Carnegie Mellon University
August 19, 2019

Piano Day Pittsburgh Takes Music to the Streets

Event is the inspiration of Carnegie Mellon's Peter Stumpf

By Heidi Opdyke

Pam Wigley
  • College of Fine Arts
  • 412-268-1047

A flatbed trailer carrying a grand piano will become a stage on wheels, filling downtown Pittsburgh plazas with music from Carnegie Mellon University students, alumni and staff, and several jazz legends.

Piano Day Pittsburgh, Aug. 24-25, is the inspiration of Peter Stumpf, CMU's piano technician. In 2016, he strapped a Steinway & Sons grand piano to a flatbed truck with the help of some volunteers and drove it around town.

"Taking a piano outside is a crazy idea," Stumpf said. "There are so many risks from weather, flying debris or something unexpected. Anything can happen."

But, the positives outweigh the negatives.

Stumpf's goal is to provide more public access to the piano. He said learning to play the piano has many benefits, including improving memory and expanding parts of the brain that improve spatial reasoning and math skills. It also builds good habits like focus, perseverance, diligence and creativity. The skills learned at the keyboard are transferrable to many aspects of life, Stumpf said.

"For me this isn't about the world saving the piano, it's about the piano saving the world," Stumpf said.

Stumpf said Pittsburgh has always been a nurturing place for the arts. It has been home to some of the greatest piano players, conductors, opera singers and composers of the 20th Century. Two years ago Pittsburgh Mayor Bill Peduto proclaimed Aug. 8, or 8/8, was Piano Day in Pittsburgh because pianos have 88 keys.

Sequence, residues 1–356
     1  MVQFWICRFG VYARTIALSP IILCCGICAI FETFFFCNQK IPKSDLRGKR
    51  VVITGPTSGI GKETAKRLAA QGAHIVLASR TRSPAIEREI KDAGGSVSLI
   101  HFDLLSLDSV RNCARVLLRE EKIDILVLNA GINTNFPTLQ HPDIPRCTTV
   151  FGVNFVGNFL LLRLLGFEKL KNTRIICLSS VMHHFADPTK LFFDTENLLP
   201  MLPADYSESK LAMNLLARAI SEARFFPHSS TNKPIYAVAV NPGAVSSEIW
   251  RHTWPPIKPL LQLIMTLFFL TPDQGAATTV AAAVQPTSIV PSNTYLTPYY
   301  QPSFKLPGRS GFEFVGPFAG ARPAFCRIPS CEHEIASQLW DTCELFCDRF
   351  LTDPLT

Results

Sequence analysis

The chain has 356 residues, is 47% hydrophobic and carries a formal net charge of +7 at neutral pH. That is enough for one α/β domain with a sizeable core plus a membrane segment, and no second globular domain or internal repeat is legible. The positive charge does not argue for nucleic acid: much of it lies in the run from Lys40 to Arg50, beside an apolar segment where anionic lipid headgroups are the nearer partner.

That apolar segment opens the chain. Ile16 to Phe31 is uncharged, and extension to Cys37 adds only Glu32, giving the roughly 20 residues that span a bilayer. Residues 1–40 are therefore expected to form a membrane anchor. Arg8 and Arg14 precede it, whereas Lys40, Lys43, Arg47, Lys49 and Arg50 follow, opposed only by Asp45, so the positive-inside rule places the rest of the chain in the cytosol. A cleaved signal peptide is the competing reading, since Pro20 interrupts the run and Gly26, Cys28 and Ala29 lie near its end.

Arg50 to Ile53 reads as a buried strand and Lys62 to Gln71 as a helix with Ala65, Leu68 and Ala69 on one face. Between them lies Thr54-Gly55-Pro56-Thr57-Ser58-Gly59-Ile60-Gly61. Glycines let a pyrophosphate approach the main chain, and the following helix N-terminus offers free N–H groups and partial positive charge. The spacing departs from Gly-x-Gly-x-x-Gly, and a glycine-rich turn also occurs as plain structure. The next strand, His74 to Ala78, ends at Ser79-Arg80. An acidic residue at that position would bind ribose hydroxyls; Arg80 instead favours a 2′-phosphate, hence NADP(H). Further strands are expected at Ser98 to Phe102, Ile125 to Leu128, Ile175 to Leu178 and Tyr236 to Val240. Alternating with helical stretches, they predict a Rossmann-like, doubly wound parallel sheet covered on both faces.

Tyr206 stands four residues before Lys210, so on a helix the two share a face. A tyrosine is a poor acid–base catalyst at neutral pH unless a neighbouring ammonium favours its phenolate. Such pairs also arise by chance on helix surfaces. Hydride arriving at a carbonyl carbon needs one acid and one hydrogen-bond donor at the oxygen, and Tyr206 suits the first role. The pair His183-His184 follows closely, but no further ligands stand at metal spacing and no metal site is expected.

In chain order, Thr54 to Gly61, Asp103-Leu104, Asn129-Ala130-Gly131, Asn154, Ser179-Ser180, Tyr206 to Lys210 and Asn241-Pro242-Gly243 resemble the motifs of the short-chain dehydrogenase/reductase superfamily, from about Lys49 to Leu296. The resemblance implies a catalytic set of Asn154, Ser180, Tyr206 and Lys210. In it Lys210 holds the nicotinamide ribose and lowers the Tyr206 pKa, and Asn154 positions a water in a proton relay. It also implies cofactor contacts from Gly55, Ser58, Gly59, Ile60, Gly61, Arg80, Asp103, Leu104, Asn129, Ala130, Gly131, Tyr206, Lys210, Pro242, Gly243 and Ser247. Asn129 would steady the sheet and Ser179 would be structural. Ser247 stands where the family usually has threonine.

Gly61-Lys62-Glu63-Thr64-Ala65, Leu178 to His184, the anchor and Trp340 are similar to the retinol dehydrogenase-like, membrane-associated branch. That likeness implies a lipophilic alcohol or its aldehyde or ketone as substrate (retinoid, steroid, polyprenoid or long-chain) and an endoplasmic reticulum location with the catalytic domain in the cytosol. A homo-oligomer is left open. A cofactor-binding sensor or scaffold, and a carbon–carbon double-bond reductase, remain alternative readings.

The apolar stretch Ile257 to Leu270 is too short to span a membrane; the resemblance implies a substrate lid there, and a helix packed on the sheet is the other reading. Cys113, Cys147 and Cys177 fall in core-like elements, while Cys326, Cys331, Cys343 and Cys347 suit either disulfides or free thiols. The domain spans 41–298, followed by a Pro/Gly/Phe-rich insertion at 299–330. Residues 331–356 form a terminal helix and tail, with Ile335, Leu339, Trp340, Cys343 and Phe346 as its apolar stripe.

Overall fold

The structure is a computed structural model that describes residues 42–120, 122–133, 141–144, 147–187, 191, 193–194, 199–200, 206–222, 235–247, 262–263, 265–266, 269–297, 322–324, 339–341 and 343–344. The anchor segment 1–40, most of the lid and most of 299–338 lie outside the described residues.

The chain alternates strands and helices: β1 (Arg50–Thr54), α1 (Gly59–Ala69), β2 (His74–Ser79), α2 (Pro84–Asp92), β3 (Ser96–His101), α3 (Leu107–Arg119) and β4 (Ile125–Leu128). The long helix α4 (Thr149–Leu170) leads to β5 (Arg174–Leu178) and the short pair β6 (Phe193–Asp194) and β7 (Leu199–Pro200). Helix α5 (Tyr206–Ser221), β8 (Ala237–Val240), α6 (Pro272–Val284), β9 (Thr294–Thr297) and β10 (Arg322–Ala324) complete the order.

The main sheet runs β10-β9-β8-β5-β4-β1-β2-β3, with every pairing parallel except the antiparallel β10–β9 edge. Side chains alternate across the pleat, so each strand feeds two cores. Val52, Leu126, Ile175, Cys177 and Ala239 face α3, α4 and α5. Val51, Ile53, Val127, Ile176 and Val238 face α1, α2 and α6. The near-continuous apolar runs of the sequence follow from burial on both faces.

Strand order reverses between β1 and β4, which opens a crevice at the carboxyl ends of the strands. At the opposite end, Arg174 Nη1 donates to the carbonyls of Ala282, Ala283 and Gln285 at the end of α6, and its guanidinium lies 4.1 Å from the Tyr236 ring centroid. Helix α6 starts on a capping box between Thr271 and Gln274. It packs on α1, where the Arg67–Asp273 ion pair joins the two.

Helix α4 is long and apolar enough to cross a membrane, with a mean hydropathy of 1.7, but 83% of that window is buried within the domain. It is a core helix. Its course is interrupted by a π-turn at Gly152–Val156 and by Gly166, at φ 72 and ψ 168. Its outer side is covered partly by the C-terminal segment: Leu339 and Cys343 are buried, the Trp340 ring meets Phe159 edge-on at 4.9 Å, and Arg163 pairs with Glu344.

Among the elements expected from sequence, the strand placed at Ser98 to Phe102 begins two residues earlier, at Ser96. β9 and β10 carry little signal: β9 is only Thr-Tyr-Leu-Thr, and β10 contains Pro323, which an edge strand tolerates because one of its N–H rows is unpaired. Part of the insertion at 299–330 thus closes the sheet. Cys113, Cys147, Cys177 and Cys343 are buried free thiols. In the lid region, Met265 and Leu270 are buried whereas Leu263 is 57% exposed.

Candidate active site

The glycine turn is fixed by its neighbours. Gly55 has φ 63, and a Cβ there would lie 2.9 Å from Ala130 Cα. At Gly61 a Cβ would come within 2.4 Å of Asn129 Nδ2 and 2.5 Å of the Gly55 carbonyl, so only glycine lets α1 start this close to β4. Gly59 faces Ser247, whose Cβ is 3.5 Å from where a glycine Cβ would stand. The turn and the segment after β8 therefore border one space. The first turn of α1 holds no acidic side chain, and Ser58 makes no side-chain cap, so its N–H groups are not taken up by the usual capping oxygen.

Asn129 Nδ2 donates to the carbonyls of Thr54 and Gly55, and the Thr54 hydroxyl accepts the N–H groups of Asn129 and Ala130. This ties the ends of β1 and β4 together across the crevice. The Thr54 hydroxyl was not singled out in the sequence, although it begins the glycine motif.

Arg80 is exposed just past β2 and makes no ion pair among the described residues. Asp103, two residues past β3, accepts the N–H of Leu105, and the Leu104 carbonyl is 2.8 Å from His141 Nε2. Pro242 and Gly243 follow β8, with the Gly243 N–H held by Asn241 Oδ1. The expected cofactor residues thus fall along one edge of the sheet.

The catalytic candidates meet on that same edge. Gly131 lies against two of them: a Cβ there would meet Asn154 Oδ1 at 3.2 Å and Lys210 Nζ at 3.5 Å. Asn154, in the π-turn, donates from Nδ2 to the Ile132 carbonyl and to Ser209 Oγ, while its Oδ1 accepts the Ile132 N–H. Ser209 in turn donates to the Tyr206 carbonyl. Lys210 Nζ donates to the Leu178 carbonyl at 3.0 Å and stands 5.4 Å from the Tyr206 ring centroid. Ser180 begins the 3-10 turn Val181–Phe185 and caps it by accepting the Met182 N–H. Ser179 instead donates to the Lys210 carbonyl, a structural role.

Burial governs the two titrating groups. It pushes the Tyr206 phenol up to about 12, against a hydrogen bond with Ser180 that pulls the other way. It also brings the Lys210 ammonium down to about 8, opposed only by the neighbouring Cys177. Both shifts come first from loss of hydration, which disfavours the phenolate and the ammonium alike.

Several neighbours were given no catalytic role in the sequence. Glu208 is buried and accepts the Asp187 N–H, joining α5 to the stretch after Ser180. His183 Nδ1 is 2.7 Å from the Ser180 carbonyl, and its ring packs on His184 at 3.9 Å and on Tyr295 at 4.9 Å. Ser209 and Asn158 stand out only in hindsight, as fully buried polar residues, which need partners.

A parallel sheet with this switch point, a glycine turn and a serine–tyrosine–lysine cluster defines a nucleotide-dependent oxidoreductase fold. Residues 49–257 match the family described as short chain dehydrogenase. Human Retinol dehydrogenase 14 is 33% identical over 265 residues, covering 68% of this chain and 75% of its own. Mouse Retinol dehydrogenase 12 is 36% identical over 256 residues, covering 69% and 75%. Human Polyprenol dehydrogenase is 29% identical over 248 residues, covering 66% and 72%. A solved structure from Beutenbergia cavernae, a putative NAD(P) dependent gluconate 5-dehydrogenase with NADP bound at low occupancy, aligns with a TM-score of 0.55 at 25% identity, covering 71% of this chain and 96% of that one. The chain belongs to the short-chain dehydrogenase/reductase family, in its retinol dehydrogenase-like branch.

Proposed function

"The playwright August Wilson even made Pittsburgh the locale for his Pulitzer Prize-winning 'Piano Lesson,'" he said.

A variety of piano players will perform on the flatbed trailer at several locations on the tour. One special stop from 1 - 3 p.m., Saturday, Aug. 24, will be the Crawford Grill, 2141 Wylie Ave., where internationally known jazz greats such as Miles Davis, John Coltrane, Lena Horne and Duke Ellington performed in the 1950s and '60s.

"The Crawford Grill was the epicenter of jazz between New York City and Chicago," Stumpf said.

The club has been closed since 2003, but a consortium that includes Steelers Hall of Fame running back Franco Harris purchased the building and aims to reopen it as a jazz venue.

At the Crawford Grill, Harris will serve as master of ceremonies and performers will include jazz legends Roger Humphries, Dr. James Johnson, Mark Strickland, Jessica Lee and Nelson Harrison, among others.

Additional stops on Aug. 24 may include day care centers and PNC Park, where the Pittsburgh Pirates will host the Cincinnati Reds at 7:05 p.m. Follow Piano Day Pittsburgh's Facebook to see stops in real-time.

On Sunday, Aug. 25, four concert grade pianos will be stationed in downtown spaces: Heinz Hall Garden; 300 Liberty Ave. (RiverVue Patio), where ensembles will play; Market Square, which will be open to anyone; and PPG Plaza, where all of the pianists will be women. Performances are free and will take place between noon-8 p.m.

Stumpf's core volunteers include CMU students, such as Executive Producer Gino Mollica and Director of Artist Relations and Marketing Madi Ogburn. Mollica and Ogburn are rising seniors in CMU's School of Music and will begin the accelerated Master of Arts Management program this fall.

"I love how the event brings music and pure joy to people," Ogburn said. "You get to connect with people in so many ways by offering this."

"We have performers of all ages," Mollica said. "It's some of Pittsburgh's best talent and also amateurs for whom it might be their first public performance. When else could a 6-year-old have an opportunity to sit at a 9-foot piano and play a piece they've been working on?"